BUSINESS

Trump protégé denied Star Casino license; rugby wants turnover fees from bookies

TAGs: Australia, australian rugby league, racing nsw, Star Casino

australia-sports-betting-feesSydney’s troubled Star Casino can’t catch a break. Star parent outfit Echo Entertainment had hoped to install Mark Brown, a former protégé of failed presidential candidate and coonskin-cap aficionado Donald Trump, as the Star’s international marketing manager, but New South Wales gaming authorities have denied Brown’s special employee license application. The Sydney Morning Herald reported that neither Star management nor the Independent Liquor and Gaming Authority had provided a reason for the rejection. Brown previously ran both the Sands and Venetian in Macau. Las Vegas Sands is currently under investigation by US authorities over alleged violations of the Foreign Corrupt Practices Act involving its Macau operations.

Undaunted, Echo Entertainment is forging ahead with plans to replace disgraced Star managing director Sid Vaikunta with Frederic Luvisutto, former managing director of Jupiters Gold Coast. On Thursday, Echo announced that Luvisutto had been given the nod from regulators to officially commence his new posting. Vaikunta was let go a couple months back after an alleged “very serious incident of physical touching” of former senior Star exec Peter Grimshaw’s partner at a company function. Meanwhile, a former Star blackjack dealer told the inquiry into the shenanigans at the casino that high-rollers were allowed to remain at the gaming tables for up to 72 hours at a stretch after Vaikunta took over as manager.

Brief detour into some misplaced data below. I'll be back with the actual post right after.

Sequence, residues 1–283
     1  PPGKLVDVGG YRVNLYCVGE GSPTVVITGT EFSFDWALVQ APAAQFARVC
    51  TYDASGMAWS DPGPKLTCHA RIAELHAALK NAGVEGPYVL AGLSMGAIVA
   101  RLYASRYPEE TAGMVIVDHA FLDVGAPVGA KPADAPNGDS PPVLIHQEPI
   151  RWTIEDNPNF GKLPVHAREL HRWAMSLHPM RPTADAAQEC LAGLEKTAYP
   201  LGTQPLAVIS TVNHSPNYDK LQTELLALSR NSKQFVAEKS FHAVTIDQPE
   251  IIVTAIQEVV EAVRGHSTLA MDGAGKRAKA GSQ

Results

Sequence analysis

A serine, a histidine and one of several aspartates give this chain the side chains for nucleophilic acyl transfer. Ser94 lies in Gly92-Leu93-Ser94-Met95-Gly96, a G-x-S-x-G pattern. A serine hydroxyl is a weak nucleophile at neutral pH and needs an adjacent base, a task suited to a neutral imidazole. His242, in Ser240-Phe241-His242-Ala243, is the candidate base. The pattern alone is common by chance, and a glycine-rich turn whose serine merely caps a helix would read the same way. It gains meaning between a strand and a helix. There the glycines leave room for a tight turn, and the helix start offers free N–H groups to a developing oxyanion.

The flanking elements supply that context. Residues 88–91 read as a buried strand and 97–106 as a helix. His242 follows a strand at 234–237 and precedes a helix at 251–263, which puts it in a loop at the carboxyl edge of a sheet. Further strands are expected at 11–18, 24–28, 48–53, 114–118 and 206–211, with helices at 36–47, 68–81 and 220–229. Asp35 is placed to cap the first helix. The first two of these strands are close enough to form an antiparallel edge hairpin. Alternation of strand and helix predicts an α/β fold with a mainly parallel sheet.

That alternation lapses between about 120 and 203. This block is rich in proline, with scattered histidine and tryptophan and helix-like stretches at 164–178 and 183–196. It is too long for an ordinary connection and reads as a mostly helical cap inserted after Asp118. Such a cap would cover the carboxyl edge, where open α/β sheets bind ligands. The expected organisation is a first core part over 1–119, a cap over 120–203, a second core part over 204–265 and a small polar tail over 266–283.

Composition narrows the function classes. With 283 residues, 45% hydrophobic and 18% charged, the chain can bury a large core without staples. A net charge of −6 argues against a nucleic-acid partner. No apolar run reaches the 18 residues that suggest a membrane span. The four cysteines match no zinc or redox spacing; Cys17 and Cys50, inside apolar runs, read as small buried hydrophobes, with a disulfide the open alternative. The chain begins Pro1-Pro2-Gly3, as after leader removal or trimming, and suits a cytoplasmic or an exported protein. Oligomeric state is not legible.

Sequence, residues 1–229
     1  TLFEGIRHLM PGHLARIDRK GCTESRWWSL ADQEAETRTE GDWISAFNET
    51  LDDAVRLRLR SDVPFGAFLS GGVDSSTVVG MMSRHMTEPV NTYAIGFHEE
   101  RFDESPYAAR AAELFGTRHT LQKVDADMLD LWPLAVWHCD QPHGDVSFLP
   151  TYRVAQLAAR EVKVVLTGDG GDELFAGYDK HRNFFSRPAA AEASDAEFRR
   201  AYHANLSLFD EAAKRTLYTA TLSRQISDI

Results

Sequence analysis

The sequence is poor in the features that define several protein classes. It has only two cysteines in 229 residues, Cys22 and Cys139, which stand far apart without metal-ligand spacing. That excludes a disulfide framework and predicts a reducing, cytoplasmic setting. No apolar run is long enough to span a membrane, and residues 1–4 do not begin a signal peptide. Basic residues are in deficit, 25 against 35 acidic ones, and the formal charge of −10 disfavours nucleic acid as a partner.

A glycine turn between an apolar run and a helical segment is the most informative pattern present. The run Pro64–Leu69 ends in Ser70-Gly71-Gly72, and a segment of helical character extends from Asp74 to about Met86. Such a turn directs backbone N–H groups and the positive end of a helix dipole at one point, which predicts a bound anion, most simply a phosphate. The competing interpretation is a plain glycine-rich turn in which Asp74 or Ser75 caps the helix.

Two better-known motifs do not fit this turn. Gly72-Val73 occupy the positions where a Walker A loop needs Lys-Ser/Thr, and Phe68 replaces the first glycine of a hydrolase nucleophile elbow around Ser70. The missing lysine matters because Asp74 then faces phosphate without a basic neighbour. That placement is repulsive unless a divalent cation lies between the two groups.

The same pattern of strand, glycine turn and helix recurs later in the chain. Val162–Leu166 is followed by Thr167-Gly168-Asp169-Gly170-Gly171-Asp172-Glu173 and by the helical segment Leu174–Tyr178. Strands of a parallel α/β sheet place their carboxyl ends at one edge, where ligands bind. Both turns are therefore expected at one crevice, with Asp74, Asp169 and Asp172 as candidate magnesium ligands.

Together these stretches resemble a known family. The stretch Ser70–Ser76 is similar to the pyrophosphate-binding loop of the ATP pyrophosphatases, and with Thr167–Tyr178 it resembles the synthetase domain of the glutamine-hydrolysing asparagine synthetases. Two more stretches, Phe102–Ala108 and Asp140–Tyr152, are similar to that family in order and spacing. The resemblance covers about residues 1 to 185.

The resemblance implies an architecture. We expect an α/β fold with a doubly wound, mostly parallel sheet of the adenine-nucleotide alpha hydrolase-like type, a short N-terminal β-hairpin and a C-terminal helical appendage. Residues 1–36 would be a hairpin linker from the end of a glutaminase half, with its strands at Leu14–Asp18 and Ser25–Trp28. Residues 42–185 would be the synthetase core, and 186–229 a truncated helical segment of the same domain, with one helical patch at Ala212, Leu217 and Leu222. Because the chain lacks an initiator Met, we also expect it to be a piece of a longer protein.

As predicted, last month’s court victory by New South Wales racing bodies over Betfair and Sportsbet has got other sports talking about revisiting their own financial deals with betting outfits. Following the ruling, which upheld the 1.5% turnover fee charged by the racing bodies, Racing NSW Peter V’landys claimed there would be “ramifications for other sporting bodies.” Now figures in the Australian Rugby League (ARL) are looking at their deals with betting outfits – which currently pay 5% of profits to the ARL – and feeling like they can do better.

Penrith Panthers GM Phil Gould told the Blacktown Sun that league administrators had “missed the boat” by not insisting on a turnover model when they signed their last deals with betting operators. The ARL’s current deal with Aussie betting powerhouse Tabcorp expires in 2013. Gould claimed the lack of foresight had cost the sport “tens of millions of dollars” but acknowledged that Racing NSW’s example had opened “opportunities for the future.” Gould figures a turnover fee arrangement could bring in an extra $15m a year from bookies. Sportsbet CEO Cormac Barry said he expected other sports would at least consider following Racing NSW’s lead, but cautioned them that “because of the nature of sports betting, there is no pot of gold there for them.”

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